The story of firefighters accessing real-time GIS services represents a paradigm shift in how cities operate. At the GeoHub launch, Esri president Jack Dangermond explained how, through the GeoHub, the city's government could better serve its citizens by abandoning hierarchical decision making for a network-based approach.

"I can search for maps. I can mash up [or] combine maps. I can get insights. I can make better decisions," Dangermond said. In other words, a network-based model where information and feedback can be freely shared among stakeholders—including the public—leads to democratic policy making that is better for the community overall.

You can use the Street Wize mapping app to see the location of sewer and storm drain, street excavation, street resurfacing, and other projects in downtown Los Angeles.
You can use the Street Wize mapping app to see the location of sewer and storm drain, street excavation, street resurfacing, and other projects in downtown Los Angeles. The map also includes information such as how long each project will take to complete.

The World's Largest Tech Incubator

Garcetti's vision of an open data platform for the City of Los Angeles goes beyond serving the government. GeoHub aims to create partnerships between the city, academia, nongovernmental organizations, businesses, and startups. For Los Angeles, startups not only represent potential economic development but also opportunities to collaborate and solve some of the city's biggest problems.

One such collaborative partnership is the La Kretz Innovation Campus, located in the heart of the city's flourishing Arts District. La Kretz is a clean technology incubator owned by the Los Angeles Department of Water and Power. It's a place where startups, scientists, engineers, and policy makers can develop energy solutions that support the city's green economy.

GeoHub offers a similar opportunity for startups interested in solving issues such as reducing traffic or greenhouse gas emissions or tackling any other problem with a spatial component. Through the portal, developers can access the city's data along with open APIs they can use to build apps that they can bring to market.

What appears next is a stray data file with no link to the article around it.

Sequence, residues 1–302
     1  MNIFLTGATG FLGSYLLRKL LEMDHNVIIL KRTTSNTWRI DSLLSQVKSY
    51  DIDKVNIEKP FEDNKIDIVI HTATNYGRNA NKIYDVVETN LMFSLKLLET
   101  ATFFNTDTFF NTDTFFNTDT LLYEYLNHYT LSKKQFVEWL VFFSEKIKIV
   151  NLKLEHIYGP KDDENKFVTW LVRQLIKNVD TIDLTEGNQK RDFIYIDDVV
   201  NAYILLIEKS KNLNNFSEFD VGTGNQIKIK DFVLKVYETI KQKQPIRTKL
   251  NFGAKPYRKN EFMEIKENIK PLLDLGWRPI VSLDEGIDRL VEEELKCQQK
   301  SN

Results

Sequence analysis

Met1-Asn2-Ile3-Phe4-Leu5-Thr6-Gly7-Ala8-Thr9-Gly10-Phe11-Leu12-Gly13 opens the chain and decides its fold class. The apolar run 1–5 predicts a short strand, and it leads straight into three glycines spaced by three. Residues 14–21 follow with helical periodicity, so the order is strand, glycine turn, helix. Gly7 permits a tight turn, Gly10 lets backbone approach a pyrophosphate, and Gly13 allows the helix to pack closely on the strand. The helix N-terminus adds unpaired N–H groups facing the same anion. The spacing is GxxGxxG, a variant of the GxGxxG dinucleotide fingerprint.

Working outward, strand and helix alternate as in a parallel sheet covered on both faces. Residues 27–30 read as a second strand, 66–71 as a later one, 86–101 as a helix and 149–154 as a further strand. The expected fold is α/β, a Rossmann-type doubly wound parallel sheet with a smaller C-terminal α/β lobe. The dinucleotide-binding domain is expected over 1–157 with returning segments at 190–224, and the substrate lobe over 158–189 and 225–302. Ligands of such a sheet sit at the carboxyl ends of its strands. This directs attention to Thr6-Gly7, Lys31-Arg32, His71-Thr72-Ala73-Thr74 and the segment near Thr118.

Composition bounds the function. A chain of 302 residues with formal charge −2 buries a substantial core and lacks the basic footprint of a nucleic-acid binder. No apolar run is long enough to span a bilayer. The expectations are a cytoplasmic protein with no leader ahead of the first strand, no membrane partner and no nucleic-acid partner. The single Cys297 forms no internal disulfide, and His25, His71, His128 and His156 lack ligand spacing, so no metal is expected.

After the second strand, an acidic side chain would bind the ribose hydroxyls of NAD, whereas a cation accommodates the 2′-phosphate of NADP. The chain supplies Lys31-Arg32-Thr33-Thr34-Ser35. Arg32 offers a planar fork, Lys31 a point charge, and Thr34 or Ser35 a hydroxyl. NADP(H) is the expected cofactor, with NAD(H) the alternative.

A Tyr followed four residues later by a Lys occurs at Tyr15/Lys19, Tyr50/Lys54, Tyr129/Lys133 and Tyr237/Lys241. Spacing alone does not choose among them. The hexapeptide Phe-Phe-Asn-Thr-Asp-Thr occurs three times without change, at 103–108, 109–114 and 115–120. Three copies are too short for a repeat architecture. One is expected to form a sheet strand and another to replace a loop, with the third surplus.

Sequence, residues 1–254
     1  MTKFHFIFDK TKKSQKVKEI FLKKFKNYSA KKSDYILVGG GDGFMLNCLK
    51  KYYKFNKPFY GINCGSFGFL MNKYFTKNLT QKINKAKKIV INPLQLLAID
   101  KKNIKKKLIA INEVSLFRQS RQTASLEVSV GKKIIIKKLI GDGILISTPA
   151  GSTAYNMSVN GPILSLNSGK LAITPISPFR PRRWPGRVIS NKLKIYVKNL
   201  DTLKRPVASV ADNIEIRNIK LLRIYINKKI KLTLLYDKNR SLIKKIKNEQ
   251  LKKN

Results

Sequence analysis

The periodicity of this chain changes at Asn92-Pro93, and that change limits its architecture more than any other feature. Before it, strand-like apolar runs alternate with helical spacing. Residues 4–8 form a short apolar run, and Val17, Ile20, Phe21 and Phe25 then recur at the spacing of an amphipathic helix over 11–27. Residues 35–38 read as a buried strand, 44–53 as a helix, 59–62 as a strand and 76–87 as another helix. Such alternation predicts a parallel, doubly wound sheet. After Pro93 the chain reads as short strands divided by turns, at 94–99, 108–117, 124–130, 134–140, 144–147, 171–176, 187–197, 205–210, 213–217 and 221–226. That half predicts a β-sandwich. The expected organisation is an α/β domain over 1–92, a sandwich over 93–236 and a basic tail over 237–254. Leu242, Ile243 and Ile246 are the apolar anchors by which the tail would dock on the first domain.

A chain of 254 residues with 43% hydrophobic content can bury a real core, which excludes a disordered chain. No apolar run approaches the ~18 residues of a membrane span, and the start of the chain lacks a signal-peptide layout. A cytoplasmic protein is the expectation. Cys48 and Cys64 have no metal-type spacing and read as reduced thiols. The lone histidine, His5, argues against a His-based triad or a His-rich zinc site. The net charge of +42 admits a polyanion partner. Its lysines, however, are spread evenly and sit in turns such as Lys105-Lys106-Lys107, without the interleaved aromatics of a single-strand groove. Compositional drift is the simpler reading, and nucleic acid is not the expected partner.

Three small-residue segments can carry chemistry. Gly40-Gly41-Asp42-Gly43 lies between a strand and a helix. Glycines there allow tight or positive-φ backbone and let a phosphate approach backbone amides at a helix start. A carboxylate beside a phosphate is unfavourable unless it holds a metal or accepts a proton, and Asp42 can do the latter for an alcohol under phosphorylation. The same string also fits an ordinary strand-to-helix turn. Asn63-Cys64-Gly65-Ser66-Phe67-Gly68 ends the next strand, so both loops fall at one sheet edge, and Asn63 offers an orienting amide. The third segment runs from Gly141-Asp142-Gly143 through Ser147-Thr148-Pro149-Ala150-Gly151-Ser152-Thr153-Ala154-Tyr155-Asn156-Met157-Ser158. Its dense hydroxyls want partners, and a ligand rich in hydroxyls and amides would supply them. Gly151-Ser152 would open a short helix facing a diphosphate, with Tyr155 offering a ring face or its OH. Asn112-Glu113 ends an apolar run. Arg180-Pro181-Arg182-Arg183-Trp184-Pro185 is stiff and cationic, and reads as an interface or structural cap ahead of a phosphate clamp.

"[What] I've said to tech leaders is, 'Use LA as a platform; this is the best platform anywhere in the world,' " Garcetti said. "We are open for business."

View the road work completed in the City of Los Angeles over time using the Road to 2400 mapping app.
View the road work completed in the City of Los Angeles over time using the Road to 2400 mapping app.

There's an App for That

Open data may be old news to GIS professionals and data scientists, but for others, the concept may be relatively new. GeoHub provides a simple and intuitive user experience for searching for datasets and mapping them. The portal also includes categories of data such as infrastructure, safety, business, transportation, and recreation and parks.

There are featured web mapping applications on GeoHub designed to provide transparency and empower people to take part in their government.

Street Wize, for example, allows Angelenos to track current and upcoming permit and construction activity around the city so they can plan accordingly to avoid delays. Vision Zero uses a data-driven approach to reduce traffic-related injuries and deaths—with the goal of eliminating them altogether by 2025. And Road to 2400 shows the 2,400 lane miles of streets Los Angeles was able to pave on a 2,200 lane budget.

Next Time You Think of Los Angeles, Think "Open"

GeoHub marks the beginning of a new era of open data innovation in government. By compiling the city's disparate datasets into a single location as a service platform, Los Angeles is breaking down the barriers that cause inefficiency to work toward becoming a smarter, safer city. With data available by way of intuitive apps, residents can play a greater role in shaping their government. And by providing opportunities for startups, Los Angeles can continue to ride its wave of high-tech innovation.

For more information, watch this video of the GeoHub announcement by Garcetti and Dangermond.